| Otaru Civilian POW Camp
Wakatake-cho, Otaru, Hokkaido
Life in Otaru City
During the occupation, the Japanese military was air bombed but suffered no serious damage. A military photographer, Kichiyoshi Sugiyama, took pictures of the friendly association between Japanese soldiers and local children. After two months of occupation, the Hozumi regiment was ordered to move from Attu to Kiska Island. As they feared possible information leaks from the Aleuts in Attu after their departure, they decided to relocate all of them to Japan.
The 42 Aleuts (one of them died on the ship) were lodged in small rooms of roughly 14 square meters in a dormitory for single employees of the National Railroad in Wakatake-Cho, Otaru City, in Hokkaido. A local policeman lived with them as custodian. Although not mandatory, they worked for a soap factory one kilometer from the dormitory from 9:30 in the morning to 4:00 in the afternoon and were paid one yen a day.
However, they found Japanese food poor in comparison with the abundant salmon, seal and whale of Attu. After their return, an American newspaper cited them as complaining that they were fed smelly fish and rotten vegetables, but these were in fact dried fish and pickled vegetables. Although some bread and meat was rationed, on the whole they could not adapt to the local diet and often became sick. Since their first contact with Russians in the 18th century, the Aleut population had sharply decreased from originally 20,000 to 2,000 by the 1940s due to the spread of small pox, syphilis and tuberculosis.
Upon their landing on Otaru, about half of them -- twenty -- were already suffering from advanced tuberculosis. Their symptoms had been diminished by the hi-protein and hi-calorie diet of Attu, but quickly resurfaced due to poor hygienic conditions on the ship and inadequate nutrition in the Japanese diet. The same was seen in America: all 881 Aleuts living in the Aleutian Islands excepting Attu were forcibly relocated to southwestern Alaska (the other Americans, Caucasians, were allowed to stay on the Aleutian Islands) and 40% of them, about the same percentage as in Japan, died in the camp of tuberculosis. In Otaru, doctors in Wakatake-cho visited the Aleut dormitory everyday to provide health care, and those in serious conditions were hospitalized. Nevertheless, many Aleuts died from tuberculosis, a terminal illness of that period.
Later they were moved from Wakatake-cho to a former school building in Shimizu-cho, but their life was for most part spent in the sanitorium in Otaru.
Source: http://www.k2.dion.ne.jp/~rur55/E/epage15.htm#157 <-- This link no longer valid; see here for more information:
The lone civilian: One Alaska war hero's unique place in history
See this chart on Hokkaido CIC's for chronology and further information on this camp.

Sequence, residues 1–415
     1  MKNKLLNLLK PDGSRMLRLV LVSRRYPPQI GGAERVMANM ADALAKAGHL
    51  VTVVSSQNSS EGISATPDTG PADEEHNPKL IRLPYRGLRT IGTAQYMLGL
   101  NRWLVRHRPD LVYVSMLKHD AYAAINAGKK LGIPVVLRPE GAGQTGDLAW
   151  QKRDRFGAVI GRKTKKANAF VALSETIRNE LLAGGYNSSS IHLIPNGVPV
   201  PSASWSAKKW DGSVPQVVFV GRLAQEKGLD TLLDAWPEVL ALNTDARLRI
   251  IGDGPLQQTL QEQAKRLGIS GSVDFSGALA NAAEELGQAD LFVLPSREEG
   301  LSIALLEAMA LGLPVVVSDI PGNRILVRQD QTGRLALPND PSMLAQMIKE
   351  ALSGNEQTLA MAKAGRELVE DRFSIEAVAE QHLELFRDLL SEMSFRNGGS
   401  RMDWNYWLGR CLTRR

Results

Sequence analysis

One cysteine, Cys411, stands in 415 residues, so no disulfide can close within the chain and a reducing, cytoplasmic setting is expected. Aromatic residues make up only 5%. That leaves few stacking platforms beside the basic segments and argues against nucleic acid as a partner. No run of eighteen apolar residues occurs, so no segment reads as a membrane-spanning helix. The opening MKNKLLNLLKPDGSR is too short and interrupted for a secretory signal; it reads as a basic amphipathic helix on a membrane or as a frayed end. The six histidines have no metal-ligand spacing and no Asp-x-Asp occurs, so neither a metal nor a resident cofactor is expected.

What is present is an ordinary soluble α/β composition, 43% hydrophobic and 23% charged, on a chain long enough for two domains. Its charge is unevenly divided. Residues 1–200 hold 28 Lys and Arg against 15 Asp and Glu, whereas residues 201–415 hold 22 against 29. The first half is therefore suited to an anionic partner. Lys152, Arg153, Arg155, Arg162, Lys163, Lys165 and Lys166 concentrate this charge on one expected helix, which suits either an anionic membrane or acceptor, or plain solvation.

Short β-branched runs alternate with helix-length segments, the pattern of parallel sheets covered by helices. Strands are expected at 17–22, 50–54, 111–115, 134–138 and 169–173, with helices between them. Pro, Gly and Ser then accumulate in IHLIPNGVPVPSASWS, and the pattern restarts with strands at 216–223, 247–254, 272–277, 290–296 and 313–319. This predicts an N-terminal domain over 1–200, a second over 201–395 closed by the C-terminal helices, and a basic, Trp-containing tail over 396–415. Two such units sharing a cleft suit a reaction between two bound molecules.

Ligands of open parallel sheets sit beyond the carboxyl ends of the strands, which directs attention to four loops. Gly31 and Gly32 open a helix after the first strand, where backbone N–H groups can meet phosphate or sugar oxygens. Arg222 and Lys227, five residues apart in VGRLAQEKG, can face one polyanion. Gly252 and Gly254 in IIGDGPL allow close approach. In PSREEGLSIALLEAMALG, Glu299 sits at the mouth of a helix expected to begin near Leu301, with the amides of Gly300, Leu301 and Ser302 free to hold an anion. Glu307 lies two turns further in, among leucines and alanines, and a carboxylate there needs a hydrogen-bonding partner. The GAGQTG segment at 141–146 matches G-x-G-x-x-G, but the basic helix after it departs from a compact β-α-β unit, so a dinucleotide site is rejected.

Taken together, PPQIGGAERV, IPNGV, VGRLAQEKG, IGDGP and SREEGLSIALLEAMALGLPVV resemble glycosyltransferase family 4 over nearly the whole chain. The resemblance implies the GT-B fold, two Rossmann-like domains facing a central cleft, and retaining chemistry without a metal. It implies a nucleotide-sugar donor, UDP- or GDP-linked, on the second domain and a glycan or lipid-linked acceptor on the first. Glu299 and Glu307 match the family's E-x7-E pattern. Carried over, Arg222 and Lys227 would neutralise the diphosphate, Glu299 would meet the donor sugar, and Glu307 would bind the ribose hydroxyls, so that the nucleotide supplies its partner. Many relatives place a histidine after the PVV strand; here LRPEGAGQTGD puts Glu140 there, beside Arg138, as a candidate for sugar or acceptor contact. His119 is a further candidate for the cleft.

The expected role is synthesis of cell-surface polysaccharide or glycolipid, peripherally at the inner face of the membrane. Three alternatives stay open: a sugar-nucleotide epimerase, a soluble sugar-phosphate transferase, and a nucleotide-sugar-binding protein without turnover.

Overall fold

Etta Jones story, Attu - Congressional Record Vol 91 Part 13 1945 (p1333)
Re Foster death - Breu Last Letters from Attu (2009)
Last Letters from Attu by Mary Breu; Attu Boy: A Young Alaskan's WWII Memoir by Nick Golodoff
ADDITIONAL NOTE: Per email received from Marla J. Williams, Producer and Director-Writer of "Aleut Story":
In 1942, Aleuts were, in fact, American citizens. Under the Alaska purchase agreement between Russian and United States, Aleuts were granted U.S. citizenship. Alaska was a territory at the time and so anyone born there would have federal citizenship. The difference between the Attuans and the Jones is that the 42 Attuan villagers had at least 1/8th Aleut blood and so were classified as "Native" – and the Jones were "White." But both Aleut and the Jones were U.S. citizens. The difference between Aleutian and Pribilof islanders sent to the camps and those allowed to stay or go to a place of their choosing, again came down to a "blood-quantum" rule which identified any with 1/8th Aleut blood as Native.
In legal and political actions related to the U.S. government’s WWII internment of Aleuts, a special federal commission concluded the Aleuts’ rights as U.S. citizens were violated and recommend reparations. Congress concurred. The Aleutian and Pribilof Restitution Act was introduced in 1987 by then Speaker of the House Tom Foley with 166 co-sponsors. The bill passed and an official apology issued. Under that measure, each Aleut survivor received $12,000, and a $5-million trust fund was set up under the Interior Department to help them and their descendants. Another $1.4 million was earmarked for restoring churches in six villages. The Aleut Corp. was given $15 million as compensation for Attu Island, which was occupied by the military after the war and remains closed to its former inhabitants. (No reparations were granted to Attuans as they were seized by enemy troops.) In September 1993, an amendment was proposed to the original 1988 Aleut Restitution Act, increasing authorization for the amount for church restoration from $1.4 million to $4.7 million. That bill was passed October 1994.
In the above 4th paragraph, the catastrophic losses in the Aleut population are attributed to disease – including syphilis – but no mention is made of the outright slaughter of Aleutian natives by early Russian colonizers. Much research has been done in recent years and there are numerous sources which document the brutal and deadly force used against the Aleut. Here is just one online account, provided by the National Institutions of Health Native Voices project:
"1766: The Russian trader, Ivan Solovief, arms his workers to murder Unangan (Aleut) men, women, and children in retaliation for their resistance to the sexual exploitation of Unangan women. Solovief vows to reduce the Unangan population from 25,000 to 2,500. The workers go to Umnak, Unalaska, and Kodiak Islands, where they systematically kill people and enslave young women and men. Russians establish control of the region following this massacre."